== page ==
A former Canberra doctor who celebrated avoiding a suspension of her registration by taking MDMA has been barred from practice for two years.
The doctor had repeatedly used illegal drugs and misled medical authorities about that drug use, behaviour that amounted to professional misconduct, the ACT Civil and Administrative Tribunal found.
The doctor worked as an intensive care registrar at Canberra's National Capital Private Hospital between September 2013 and August 2014.
In August 2014, the Medical Board of Australia heard allegations the doctor told colleagues she took illegal drugs and used a co-worker's phone to access Facebook and arrange to buy methamphetamines.
The tribunal was later unable to find these allegations were proven.
In response to the allegations, the doctor told the board she tried cannabis once in March 2014, and she believed the Facebook messages were by a former partner who was addicted to drugs, the tribunal heard.
The board did not suspend the doctor's registration, but said she must undergo a health assessment and hair strand drug testing.
A week later, the doctor's psychiatrist told authorities she believed the doctor had a drug problem that was "likely to impact on her medical practice".
The doctor had told the psychiatrist she misled the board about her drug use, and that she was using cannabis, the tribunal heard.
On September 1, the doctor started work at Rockhampton Base Hospital.
The board met to consider again whether the doctor's registration should be suspended, and requested to collect a hair sample for drug testing.
On September 11, in a sworn affidavit the doctor said that after being told her registration was not going to be suspended, she "celebrated, drank a lot of alcohol, smoked two joints and took two MDMA capsules".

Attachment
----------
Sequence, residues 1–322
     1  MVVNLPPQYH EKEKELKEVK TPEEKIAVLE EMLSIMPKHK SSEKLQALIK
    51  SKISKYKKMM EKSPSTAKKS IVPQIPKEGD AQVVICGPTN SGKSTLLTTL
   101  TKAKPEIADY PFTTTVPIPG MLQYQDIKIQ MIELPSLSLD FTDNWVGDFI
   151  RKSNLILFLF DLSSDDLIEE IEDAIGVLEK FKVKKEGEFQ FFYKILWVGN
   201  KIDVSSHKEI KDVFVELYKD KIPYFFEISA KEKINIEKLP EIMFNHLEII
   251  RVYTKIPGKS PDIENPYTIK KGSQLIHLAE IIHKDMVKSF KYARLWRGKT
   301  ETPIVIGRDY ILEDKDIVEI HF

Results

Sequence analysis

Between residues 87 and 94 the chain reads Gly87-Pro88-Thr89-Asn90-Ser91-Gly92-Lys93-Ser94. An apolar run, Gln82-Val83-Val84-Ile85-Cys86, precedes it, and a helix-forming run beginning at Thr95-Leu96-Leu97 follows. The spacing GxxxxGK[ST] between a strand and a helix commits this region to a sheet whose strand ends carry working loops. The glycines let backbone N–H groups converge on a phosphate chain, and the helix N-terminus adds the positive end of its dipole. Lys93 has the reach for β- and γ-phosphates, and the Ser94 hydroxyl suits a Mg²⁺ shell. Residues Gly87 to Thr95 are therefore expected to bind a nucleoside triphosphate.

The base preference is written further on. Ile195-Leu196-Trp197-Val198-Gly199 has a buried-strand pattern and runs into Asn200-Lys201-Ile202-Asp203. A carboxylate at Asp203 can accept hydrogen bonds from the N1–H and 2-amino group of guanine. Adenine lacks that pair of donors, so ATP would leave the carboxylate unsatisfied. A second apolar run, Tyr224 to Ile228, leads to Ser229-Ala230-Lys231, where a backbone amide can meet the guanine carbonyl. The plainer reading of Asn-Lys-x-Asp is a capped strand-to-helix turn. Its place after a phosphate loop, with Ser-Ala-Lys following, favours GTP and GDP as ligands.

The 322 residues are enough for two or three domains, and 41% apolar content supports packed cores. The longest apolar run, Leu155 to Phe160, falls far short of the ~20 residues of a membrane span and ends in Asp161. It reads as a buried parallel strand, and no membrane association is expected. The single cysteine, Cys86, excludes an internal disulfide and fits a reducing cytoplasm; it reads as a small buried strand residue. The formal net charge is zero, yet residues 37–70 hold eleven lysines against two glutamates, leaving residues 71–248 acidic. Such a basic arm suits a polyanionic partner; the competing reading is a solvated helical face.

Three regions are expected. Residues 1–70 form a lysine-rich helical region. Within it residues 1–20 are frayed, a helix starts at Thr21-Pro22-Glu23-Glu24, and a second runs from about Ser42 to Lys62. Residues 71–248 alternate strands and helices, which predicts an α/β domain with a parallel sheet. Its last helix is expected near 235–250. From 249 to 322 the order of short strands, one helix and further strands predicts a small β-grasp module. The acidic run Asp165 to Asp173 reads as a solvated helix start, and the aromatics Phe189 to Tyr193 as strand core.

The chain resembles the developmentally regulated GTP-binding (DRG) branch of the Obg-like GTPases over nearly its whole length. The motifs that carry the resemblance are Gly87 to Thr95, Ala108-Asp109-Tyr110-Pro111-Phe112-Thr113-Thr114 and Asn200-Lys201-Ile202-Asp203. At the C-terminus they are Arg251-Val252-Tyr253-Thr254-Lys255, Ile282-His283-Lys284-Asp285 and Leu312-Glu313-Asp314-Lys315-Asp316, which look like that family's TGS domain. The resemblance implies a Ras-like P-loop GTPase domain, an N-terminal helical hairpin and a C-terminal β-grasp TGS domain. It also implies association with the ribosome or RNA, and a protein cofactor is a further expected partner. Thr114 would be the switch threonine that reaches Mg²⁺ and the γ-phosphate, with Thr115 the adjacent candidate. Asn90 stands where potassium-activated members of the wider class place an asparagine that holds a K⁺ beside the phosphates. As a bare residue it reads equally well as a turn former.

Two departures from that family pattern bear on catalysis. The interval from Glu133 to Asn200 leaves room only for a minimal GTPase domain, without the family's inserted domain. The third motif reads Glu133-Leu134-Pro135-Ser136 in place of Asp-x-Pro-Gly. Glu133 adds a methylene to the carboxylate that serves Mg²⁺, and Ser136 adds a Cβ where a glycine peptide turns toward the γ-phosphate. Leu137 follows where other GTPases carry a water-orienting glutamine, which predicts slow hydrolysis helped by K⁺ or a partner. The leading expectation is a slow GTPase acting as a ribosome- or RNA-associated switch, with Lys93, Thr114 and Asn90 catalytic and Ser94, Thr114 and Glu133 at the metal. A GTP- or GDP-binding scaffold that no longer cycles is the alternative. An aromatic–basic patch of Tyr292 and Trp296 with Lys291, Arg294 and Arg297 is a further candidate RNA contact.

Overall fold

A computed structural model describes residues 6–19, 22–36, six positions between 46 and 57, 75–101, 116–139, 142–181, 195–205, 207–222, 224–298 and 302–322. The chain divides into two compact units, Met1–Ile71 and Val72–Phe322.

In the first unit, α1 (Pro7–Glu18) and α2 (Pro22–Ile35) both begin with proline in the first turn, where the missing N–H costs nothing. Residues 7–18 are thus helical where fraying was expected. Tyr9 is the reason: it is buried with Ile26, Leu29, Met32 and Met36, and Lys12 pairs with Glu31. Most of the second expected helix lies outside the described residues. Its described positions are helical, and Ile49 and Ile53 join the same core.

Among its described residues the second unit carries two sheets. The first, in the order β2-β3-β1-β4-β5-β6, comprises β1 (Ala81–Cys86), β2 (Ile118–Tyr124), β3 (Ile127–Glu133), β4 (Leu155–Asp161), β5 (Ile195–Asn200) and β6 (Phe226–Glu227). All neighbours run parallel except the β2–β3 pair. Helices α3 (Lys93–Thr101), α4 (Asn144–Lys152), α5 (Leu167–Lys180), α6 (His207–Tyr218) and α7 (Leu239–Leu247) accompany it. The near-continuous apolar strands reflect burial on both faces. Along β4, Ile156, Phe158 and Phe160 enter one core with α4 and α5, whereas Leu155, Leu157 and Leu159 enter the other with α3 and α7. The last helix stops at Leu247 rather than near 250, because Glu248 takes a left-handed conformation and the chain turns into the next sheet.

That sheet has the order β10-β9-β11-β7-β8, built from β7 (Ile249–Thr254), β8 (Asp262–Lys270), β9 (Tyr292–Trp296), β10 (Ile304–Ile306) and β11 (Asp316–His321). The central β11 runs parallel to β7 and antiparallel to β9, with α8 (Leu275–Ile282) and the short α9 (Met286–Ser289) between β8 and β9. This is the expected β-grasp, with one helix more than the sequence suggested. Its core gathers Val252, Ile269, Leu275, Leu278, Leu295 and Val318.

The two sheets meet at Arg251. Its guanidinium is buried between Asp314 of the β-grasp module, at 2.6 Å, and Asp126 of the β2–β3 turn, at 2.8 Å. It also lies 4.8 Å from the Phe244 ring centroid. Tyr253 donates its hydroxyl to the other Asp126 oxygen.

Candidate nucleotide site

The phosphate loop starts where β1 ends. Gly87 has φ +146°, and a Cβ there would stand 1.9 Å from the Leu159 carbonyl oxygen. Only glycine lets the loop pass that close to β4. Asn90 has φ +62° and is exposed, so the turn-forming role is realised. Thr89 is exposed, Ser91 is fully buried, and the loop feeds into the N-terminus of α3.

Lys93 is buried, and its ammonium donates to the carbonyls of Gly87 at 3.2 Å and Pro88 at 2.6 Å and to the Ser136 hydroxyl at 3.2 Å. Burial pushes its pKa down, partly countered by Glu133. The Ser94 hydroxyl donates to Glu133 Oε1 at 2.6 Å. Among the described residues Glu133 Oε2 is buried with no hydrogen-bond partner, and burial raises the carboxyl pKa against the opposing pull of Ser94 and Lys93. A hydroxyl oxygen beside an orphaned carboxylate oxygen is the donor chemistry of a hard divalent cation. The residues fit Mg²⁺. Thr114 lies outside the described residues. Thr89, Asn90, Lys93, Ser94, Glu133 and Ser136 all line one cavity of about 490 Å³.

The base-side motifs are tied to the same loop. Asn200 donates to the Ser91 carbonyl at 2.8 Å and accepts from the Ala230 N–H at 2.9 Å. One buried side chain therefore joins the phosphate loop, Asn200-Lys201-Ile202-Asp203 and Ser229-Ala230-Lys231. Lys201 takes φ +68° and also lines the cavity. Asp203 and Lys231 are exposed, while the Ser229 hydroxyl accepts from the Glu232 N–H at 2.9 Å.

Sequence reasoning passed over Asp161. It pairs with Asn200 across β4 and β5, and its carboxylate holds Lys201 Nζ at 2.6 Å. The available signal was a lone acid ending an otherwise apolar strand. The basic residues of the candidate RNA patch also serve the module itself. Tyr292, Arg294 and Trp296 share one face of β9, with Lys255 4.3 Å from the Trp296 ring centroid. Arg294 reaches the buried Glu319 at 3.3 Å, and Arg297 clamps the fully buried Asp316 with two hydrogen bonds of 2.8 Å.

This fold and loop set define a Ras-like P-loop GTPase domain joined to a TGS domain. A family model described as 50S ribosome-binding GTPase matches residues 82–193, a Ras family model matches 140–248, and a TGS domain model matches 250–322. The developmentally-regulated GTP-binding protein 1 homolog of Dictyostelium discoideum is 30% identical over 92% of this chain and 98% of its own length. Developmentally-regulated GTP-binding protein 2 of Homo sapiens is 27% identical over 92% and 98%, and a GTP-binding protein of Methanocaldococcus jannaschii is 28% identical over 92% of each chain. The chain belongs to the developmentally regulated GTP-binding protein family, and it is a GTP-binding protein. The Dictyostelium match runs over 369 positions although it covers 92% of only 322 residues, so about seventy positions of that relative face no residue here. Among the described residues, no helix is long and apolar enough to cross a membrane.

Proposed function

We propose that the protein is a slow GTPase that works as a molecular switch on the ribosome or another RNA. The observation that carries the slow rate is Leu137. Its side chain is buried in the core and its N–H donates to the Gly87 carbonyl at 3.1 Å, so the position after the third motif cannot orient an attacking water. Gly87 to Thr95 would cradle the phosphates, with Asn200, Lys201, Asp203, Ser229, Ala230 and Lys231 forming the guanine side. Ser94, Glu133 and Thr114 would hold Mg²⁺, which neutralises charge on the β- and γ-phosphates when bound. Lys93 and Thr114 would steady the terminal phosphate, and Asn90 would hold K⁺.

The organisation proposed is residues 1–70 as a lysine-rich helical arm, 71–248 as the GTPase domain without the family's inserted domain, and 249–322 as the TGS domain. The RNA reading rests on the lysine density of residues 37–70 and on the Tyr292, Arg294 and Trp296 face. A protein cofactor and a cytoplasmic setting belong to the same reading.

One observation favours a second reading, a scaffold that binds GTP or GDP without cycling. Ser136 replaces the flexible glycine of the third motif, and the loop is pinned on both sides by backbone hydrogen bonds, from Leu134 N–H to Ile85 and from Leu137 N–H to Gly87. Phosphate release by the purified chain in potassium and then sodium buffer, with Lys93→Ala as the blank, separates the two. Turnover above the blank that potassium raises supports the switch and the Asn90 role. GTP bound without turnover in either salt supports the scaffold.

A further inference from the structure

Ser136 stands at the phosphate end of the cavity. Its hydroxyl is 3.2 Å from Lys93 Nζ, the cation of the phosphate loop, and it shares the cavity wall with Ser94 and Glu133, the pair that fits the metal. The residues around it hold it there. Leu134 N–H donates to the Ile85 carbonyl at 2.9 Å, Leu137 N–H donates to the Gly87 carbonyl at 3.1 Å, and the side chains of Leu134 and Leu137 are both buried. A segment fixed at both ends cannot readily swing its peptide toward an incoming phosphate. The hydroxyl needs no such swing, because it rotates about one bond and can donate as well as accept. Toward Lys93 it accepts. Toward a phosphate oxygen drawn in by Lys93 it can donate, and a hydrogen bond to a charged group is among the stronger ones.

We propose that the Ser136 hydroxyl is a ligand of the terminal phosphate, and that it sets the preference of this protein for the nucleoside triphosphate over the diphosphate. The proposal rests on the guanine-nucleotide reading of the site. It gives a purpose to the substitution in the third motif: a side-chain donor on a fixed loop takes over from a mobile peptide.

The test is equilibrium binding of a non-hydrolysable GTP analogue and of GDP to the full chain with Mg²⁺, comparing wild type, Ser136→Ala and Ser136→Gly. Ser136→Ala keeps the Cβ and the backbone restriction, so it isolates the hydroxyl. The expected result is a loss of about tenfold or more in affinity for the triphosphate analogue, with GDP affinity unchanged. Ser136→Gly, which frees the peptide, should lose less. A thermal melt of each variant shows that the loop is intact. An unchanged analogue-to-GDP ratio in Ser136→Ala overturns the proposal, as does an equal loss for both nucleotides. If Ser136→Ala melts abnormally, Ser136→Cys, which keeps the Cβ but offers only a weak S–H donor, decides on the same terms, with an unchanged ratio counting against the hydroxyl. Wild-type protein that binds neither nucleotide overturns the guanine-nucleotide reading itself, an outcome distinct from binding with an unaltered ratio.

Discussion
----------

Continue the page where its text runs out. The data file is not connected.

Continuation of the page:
The doctor said this was a "stupid error of judgment". She denied misleading the board about her drug use and offered to have future random urine tests.
The board decided for a second time not to suspend her registration.
But it imposed conditions, including that the doctor could not use illicit drugs and that a senior practitioner must oversee her work at all times.
On September 25, authorities learnt the doctor had not told the base hospital of the new conditions on her registration. Her employment was terminated.
A few days later, detailed hair analysis revealed positive results for MDMA and methamphetamines for each month from March to September 2014.
The board then suspended the doctor's registration, saying she had "failed to demonstrate insight into the seriousness of her actions" and her regular drug use posed an "unacceptable risk to the public".
The tribunal also heard evidence the doctor suffered a mental impairment, and the doctor conceded it could be a personality disorder.
The tribunal found the doctor's behaviour amounted to professional misconduct, suspending her registration for two years from October 2014.
It imposed 16 conditions on the doctor's registration once she returned to work, including abstaining from drugs and random urine testing once a week.
The doctor must also supply a hair sample for drug testing every three months, and visit a psychologist and a psychiatrist at least once a month when she returns to practice.
The tribunal ordered the doctor to pay the medical board's costs.